1935 Faith and her sister Hope are separated from their parents and brother just as they embark on a journey to what they hope will be a more proseperous life in California. They are rescued by a white family but skin colour keeps them segregated and tarnishes the relationship. In the present day, Zoe is adjusting to divorced life whilst preparing for an exhibition. She spots a photo of two girls from the 1930s and one looks just like her…
The Dust Bowl Orphans is a dual timeline novel set in America in the 1930s and present day. Our knowledge of the past timeline give us insights into the present day revelations.
This isn’t an easy book to read or enjoy. The relentless racism and segregation of the 1930s is ugly and repulsive. To think this was acceptable is disgraceful and difficult to imagine for a modern audience. Yet it is so realistic and vivid so I love how the girls’ voices shine through this book and reflects the horror of their experience.
The youth and vulnerability of Faith and Hope make the readers instantly sympathise with their predicament. The callous racism they endure is heartbreaking which contrasts with the continued and more insidious racism that Zoe face in the present day. Zoe’s tragic personal past really broke my heart and I felt such anger, almost hatred, towards her vile husband.
The Dust Bowl Orphans is a wonderfull evocative book about the African American experience in the 1930s, with implied political comment about racism today. I have previously reviewed The Girl At The Back of The Bus by Suzette D. Harrison.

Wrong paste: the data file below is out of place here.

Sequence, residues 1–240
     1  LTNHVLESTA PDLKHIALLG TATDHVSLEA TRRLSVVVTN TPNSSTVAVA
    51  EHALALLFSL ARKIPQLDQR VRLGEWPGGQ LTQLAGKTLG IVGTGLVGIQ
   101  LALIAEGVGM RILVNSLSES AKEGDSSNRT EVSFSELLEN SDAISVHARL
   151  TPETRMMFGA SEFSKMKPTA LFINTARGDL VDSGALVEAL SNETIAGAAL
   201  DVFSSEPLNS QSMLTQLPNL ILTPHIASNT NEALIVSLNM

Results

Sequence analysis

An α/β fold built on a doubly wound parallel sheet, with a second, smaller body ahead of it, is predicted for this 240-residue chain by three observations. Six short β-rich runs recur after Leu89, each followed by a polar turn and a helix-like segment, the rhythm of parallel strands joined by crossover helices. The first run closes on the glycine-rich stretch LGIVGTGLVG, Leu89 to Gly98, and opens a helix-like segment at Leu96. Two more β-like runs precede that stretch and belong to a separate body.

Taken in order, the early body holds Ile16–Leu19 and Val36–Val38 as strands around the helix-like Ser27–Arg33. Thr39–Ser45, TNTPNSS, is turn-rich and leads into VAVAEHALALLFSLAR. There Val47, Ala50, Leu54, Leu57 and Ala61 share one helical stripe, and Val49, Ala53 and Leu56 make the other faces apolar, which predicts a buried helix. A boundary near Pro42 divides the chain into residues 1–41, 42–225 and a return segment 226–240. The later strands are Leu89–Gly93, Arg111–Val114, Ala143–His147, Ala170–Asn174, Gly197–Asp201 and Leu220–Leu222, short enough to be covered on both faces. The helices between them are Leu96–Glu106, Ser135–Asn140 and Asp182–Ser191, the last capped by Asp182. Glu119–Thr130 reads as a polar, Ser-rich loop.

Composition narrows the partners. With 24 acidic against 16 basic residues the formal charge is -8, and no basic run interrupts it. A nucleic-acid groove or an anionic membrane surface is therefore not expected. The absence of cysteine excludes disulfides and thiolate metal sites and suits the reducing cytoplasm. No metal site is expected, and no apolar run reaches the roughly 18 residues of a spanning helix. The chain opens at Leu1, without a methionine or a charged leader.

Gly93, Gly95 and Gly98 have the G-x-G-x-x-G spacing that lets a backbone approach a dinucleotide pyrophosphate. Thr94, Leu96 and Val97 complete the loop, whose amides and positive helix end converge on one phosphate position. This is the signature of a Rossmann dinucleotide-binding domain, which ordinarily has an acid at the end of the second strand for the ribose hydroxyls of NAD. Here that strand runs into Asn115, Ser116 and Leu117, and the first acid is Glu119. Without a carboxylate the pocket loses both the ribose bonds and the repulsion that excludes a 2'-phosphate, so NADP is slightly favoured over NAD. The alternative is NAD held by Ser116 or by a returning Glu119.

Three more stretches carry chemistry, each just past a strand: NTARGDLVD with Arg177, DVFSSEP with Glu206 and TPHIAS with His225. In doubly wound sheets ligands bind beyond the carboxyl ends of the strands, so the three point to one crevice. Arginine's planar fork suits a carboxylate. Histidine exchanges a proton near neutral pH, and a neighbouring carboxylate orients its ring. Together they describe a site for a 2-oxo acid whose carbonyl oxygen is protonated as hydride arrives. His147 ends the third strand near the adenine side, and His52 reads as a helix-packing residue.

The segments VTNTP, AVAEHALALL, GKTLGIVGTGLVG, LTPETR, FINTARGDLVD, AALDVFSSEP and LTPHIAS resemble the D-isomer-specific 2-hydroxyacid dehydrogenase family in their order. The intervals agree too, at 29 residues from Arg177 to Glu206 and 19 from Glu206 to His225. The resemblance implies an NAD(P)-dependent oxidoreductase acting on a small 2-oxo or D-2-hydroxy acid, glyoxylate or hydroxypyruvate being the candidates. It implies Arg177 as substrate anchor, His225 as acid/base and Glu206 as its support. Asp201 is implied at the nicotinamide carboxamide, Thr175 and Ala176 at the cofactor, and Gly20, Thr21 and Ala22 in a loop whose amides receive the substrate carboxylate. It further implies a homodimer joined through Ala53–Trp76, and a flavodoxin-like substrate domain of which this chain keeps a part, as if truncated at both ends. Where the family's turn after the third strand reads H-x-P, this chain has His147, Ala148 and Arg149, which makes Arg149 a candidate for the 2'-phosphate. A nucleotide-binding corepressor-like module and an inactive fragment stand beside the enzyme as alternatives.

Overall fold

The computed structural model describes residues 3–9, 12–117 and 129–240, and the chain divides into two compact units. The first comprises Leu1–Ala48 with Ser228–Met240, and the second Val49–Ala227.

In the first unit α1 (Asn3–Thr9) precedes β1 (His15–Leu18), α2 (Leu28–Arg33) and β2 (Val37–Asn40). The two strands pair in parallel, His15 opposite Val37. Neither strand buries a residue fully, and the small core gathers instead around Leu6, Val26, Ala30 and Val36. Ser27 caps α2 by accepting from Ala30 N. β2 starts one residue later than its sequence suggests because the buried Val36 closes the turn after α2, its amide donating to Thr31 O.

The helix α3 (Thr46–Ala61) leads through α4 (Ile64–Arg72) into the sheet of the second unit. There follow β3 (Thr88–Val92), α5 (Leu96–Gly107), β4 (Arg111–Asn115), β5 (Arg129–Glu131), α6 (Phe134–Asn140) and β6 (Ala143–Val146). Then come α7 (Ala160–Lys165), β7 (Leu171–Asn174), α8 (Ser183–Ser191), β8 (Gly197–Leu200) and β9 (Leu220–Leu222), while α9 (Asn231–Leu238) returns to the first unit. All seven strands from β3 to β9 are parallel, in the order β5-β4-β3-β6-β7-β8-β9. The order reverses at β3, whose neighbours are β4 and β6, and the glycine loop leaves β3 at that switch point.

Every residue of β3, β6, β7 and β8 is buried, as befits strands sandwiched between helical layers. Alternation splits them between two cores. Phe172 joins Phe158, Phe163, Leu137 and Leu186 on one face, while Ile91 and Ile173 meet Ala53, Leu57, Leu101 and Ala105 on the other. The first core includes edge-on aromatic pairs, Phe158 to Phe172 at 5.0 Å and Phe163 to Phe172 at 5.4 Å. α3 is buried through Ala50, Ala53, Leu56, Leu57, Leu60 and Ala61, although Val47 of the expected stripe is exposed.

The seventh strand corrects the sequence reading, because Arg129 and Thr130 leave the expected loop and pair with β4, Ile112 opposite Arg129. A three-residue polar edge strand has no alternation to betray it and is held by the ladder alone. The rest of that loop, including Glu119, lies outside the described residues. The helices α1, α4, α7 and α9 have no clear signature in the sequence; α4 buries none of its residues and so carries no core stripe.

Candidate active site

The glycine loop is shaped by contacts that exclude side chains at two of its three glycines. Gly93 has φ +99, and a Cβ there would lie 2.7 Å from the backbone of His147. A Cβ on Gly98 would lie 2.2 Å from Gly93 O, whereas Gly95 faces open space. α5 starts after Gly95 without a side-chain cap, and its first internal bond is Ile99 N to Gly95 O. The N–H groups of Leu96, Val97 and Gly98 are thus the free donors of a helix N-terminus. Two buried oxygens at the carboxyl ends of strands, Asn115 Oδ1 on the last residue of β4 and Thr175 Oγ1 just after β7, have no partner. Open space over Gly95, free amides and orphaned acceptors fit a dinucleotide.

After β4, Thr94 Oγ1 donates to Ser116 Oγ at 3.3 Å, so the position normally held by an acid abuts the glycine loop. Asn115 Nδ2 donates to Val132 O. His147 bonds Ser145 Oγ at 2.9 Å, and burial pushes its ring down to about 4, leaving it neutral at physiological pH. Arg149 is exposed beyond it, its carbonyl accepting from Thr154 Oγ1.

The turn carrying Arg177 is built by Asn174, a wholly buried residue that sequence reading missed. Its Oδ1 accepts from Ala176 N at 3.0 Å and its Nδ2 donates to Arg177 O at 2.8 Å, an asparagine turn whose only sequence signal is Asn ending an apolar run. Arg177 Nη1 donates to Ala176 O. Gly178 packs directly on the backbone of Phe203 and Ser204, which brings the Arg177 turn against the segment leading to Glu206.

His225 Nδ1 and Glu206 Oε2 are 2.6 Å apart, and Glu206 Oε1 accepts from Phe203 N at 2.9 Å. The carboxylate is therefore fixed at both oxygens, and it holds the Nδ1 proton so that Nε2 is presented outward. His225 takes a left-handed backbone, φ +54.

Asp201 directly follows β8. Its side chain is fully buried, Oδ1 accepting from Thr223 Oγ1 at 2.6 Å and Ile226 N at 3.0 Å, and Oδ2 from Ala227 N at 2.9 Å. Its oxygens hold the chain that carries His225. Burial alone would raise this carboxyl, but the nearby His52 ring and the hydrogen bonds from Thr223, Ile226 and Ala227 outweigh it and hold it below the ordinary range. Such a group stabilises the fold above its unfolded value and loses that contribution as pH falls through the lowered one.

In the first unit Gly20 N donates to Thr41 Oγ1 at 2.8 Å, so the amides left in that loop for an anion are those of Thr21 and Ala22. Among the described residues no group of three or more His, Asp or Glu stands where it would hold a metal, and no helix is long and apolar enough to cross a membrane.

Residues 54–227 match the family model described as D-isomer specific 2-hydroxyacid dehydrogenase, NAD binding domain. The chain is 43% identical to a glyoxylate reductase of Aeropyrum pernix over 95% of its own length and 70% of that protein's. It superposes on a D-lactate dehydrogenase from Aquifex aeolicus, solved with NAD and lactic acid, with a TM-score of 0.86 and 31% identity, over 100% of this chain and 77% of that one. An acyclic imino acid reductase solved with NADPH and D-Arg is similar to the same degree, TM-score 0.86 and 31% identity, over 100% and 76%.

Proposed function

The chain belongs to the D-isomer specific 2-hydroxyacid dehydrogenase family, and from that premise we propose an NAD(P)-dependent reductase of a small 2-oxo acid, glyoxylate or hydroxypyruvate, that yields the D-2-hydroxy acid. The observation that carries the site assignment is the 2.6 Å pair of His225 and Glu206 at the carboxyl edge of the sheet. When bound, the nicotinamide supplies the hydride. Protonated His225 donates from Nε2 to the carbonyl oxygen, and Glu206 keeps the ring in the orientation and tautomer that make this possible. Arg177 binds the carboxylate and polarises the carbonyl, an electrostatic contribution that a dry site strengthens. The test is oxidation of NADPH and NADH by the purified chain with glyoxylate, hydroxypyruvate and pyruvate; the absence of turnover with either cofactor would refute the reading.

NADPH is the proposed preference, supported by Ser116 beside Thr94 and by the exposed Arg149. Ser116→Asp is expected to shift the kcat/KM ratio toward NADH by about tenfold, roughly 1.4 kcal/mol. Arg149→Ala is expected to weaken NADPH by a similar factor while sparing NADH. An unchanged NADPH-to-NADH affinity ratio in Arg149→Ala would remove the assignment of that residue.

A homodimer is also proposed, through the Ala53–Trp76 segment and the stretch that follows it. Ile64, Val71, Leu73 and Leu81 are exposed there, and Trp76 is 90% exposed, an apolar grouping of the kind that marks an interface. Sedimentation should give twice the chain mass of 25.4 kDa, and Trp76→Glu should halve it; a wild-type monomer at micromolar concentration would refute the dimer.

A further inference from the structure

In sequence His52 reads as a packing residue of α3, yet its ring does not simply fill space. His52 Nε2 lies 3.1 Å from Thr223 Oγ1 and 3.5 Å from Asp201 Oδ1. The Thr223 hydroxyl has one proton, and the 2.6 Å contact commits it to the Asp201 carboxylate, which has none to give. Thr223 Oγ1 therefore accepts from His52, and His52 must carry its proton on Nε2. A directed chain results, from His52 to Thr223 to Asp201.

The Dust Bowl Orphans book description:
The dust cloud rolls in from nowhere, stinging our eyes and muddling our senses. I reach for my baby sister and pull her small body close to me. When the sky clears, we are alone on an empty road with no clue which way to go…
Oklahoma, 1935. Fifteen-year-old Faith Wilson takes her little sister Hope’s hand. In worn-down shoes, they walk through the choking heat of the Dust Bowl towards a new life in California. But when a storm blows in, the girls are separated from their parents. How will they survive in a place where just the color of their skin puts them in terrible danger?
Starving and forced to sleep on the streets, Faith thinks a room in a small boarding house will keep her sister safe. But the glare in the landlady’s eye as Faith leaves in search of their parents has her wondering if she’s made a dangerous mistake. Who is this woman, and what does she want with sweet little Hope? Trapped, will the sisters ever find their way back to their family?
California, present day. Reeling from her divorce and grieving the child she lost, Zoe Edwards feels completely alone in the world. Throwing herself into work cataloguing old photos for an exhibition, she sees an image of a teenage girl who looks exactly like her, and a shiver grips her. Could this girl be a long-lost relation, someone to finally explain the holes in Zoe’s family history? Diving into the secrets in her past, Zoe unravels this young girl’s heartbreaking story of bravery and sacrifice. But will anything prepare her for the truth about who she is…?
A devastating, completely captivating story of family torn apart, fighting to be reunited. Fans of Orphan Train, Before We Were Yours and Where the Crawdads Sing will never forget this powerful story of survival.
Suzette D. Harrison, a native Californian and the middle of three daughters, grew up in a home where reading was required, not requested. Her literary “career” began in junior high school with the publishing of her poetry. While Suzette pays homage to Alex Haley, Gloria Naylor, Alice Walker, Langston Hughes, and Toni Morrison as legends who inspired her creativity, it was Dr. Maya Angelou’s I Know Why the Caged Bird Sings that unleashed her writing. The award-winning author of Taffy is a wife and mother of two teens, and she holds a culinary degree in pastry and baking. Mrs. Harrison is currently cooking up her next novel…in between batches of cupcakes.